Why Kenyan pupils are burning schools

Why are students in Kenya burning their boarding schools? That was the question that inspired BBC Africa reporter Ashley Lime in the Nairobi bureau to investigate these sometimes deadly arson attacks which escalated after the covid pandemic. She spoke to students, relatives of teenagers who died in the fires and experts to better understand this decades old problem. Russian 'Old New Year' After the 1917 Bolshevik revolution in Russia, the calendar and date of the official New Year changed...


The decline of Ukraine’s oligarchs

For decades, Ukraine's super-rich oligarchs wielded enormous economic and political power. But in 2021, a new law was introduced to curb their influence, and the war with Russia has cost them billions in lost assets and revenue. Vitaly Shevchenko of BBC Monitoring tells us about the dramatic change in their fortunes. The endangered pink iguanas of the Galapagos Scientists have for the first time discovered a number of baby pink iguanas in the Galapagos Islands. The species is critically...


Memorable interviews from 2022

In a year packed with big news stories, who are the interviewees whose stories have stayed with our language service colleagues? BBC Ukrainian's Zhanna Bezpiatchuk tells the story of the teenager forced to flee his home in Borodianka, who now dreams of becoming a journalist. BBC Pashto's Shazia Haya shares the story of a mother of daughters now denied their secondary school education. Parham Ghobadi from BBC Persian led the coverage of the death in mysterious circumstances of 16-year-old...


Can saying fool land you in jail?

Last week Istanbul's Mayor Ekrem Imamoğlu was sentenced to two years seven months in jail and banned from taking part in politics. It’s not clear if his sentence will be ratified by two higher courts, but his crime was to call Turkey’s election officials ‘fools’ after the rerun 2019 mayoral elections, though many believe it has more to do with next year's presidential elections. BBC Monitoring journalist Dilay Yalcin in Istanbul unpicks the story. Meeting Thailand's leading transgender...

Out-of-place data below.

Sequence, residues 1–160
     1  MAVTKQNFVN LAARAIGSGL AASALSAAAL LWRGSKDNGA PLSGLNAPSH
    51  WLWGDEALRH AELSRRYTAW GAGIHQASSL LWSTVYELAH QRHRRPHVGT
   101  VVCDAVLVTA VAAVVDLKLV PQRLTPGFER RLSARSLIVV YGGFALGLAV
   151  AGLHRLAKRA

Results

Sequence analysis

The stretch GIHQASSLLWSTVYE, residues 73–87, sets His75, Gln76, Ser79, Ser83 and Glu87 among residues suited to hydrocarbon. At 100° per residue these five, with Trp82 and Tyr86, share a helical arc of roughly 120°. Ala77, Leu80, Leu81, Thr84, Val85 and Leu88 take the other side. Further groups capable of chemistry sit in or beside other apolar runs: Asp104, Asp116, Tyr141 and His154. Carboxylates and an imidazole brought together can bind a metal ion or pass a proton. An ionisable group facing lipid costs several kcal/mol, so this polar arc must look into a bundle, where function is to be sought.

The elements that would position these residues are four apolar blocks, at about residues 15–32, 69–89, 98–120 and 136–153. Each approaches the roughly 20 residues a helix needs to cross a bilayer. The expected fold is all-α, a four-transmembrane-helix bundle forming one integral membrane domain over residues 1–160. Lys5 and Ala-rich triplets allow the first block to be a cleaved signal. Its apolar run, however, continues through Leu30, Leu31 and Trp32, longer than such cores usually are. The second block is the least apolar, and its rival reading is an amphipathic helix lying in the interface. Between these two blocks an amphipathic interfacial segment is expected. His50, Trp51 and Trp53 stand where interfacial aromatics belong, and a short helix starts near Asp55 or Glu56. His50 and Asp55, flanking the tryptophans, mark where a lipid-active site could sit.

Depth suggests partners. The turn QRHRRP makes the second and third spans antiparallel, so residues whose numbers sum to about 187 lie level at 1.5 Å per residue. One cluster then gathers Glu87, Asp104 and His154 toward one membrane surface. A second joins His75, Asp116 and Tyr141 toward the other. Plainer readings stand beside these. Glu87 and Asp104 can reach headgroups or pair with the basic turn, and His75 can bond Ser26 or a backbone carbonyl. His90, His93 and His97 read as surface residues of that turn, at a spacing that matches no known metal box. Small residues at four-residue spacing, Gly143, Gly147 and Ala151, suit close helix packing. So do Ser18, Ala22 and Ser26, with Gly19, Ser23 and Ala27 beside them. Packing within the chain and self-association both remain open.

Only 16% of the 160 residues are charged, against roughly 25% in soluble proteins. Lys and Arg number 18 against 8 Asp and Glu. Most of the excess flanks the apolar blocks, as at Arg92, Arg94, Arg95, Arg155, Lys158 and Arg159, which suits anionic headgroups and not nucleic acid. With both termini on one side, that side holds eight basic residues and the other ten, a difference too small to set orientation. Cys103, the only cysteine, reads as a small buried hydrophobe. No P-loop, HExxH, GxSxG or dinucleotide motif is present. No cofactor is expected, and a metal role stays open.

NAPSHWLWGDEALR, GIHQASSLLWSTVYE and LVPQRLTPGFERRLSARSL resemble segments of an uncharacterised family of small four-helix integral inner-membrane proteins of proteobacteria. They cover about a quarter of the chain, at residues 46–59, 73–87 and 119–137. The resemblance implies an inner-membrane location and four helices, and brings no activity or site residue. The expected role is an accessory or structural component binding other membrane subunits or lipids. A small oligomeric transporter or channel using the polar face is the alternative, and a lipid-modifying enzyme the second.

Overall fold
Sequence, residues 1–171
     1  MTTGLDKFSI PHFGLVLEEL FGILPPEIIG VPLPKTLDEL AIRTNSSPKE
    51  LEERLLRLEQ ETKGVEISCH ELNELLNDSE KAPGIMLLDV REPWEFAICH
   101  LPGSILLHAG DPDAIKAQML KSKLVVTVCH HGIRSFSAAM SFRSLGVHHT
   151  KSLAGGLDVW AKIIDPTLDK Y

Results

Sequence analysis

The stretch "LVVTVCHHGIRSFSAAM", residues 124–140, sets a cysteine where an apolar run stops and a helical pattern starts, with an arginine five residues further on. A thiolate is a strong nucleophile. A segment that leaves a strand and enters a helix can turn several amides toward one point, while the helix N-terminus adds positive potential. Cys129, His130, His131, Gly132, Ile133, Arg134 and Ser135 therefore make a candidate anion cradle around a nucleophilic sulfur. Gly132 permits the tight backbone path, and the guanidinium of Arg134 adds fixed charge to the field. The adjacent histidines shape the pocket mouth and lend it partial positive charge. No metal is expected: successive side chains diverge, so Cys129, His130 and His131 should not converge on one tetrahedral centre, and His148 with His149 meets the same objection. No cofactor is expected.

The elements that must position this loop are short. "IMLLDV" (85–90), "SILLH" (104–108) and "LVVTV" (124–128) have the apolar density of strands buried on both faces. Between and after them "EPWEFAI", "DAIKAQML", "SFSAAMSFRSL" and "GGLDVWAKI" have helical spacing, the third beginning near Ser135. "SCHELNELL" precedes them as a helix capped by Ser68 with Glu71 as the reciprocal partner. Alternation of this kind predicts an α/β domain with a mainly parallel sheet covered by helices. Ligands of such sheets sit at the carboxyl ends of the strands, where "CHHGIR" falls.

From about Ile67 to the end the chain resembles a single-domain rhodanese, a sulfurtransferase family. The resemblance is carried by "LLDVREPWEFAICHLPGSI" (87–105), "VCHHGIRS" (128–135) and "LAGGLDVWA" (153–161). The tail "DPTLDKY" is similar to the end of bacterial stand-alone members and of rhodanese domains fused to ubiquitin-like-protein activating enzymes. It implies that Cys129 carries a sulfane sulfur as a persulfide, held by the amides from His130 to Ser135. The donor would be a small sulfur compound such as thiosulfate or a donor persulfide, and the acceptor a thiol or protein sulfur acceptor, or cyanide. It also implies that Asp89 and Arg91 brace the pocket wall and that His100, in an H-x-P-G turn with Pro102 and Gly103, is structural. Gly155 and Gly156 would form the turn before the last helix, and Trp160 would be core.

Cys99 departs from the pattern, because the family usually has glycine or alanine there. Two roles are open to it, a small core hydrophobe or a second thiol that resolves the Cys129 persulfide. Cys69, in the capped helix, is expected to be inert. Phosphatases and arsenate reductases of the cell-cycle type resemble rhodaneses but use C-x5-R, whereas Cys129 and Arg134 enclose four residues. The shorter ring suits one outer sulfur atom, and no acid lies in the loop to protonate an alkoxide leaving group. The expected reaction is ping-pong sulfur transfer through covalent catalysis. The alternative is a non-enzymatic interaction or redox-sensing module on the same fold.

Who is Yevgeny Prigozhin?

Yevgeny Prigozhin is the head of the Russian mercenary group Wagner, a role that he denied until September. Andrei Zakharov of BBC Russian has been investigating the story of Mr Prigozhin for many years, and he shares his insights. Qatar cultural exchange As the Arab world's first football World Cup concludes, the BBC's Lina Shaikhouni shares her impressions of the cultural exchanges the event has witnessed, from traditional local dress made up in team colours, to stadiums designed to echo...


The Arab world and the war in Ukraine

Hisham Yezza of BBC Monitoring has been observing the impact in the Middle East and North Africa of the war in Ukraine since the invasion nearly ten months ago. He tells us how the war is reported and discussed in the region, and how at a political level, traditional alliances with the West are shifting. A sweet treat that could help the Amazon People from Brazil's Amazon region enjoy many dishes made with the local cupuaçu fruit, but they make less use of the seeds. These can be processed...


China protests

A fire in a residential block fire in Urumqi, which killed 10 people, sparked protests among citizens tired of living under China’s strict zero-Covid policy. As well as brave and vocal protests, many have adopted more creative ways to get their voices heard, as BBC Chinese Editor Howard Zhang reports. India street girl update BBC Marathi's Dipali Jagtap won India’s Laadli Award for her report into a footpath-dweller in Mumbai, Asma Shaikha, who struggled to continue her education during the...


Unmasking a Russian police torturer

On March 6th, huge anti-war demonstrations across Russia led to the arrest of more than 5,000 protesters. Among them were at least 11 women who were taken to Moscow's Brateyevo Police Station, where they were questioned and subjected to verbal and physical abuse, which in some cases amounted to torture. The man overseeing this was an unnamed police officer they nicknamed 'the man in black'. Using a leaked database from a Russian food delivery company, archived social media accounts and old...


Kherson: a presidential visit

President Volodymyr Zelensky's visit this week to Kherson, soon after the Russian withdrawal, prompted lively commentary on Ukrainian social media, and some comparisons with the Russian president. BBC Monitoring's Margaryta Maliukova tells us more. Hell on earth: the Korean Japanese people persuaded to move to North Korea In 1960, Eika Kawasaki left her family in Japan and moved to North Korea. She was one of 90,000 plus Korean Japanese who went to North Korea on a project called ‘paradise...


Reporting COP27

BBC Arabic's Sally Nabil is one of the team in Sharm el-Sheikh reporting on the COP27 climate summit. She tells us how the conference centre and beach resort exist side by side, and why this choice of venue offers so many advantages to the host country, Egypt. COP27: three stories from the language services BBC Swahili's Anne Ngugi visited Kenya's Amboseli national park, where the worst drought in 40 years has left a landscape littered with animal carcases. BBC Bengali's Shahnewaj Rocky met...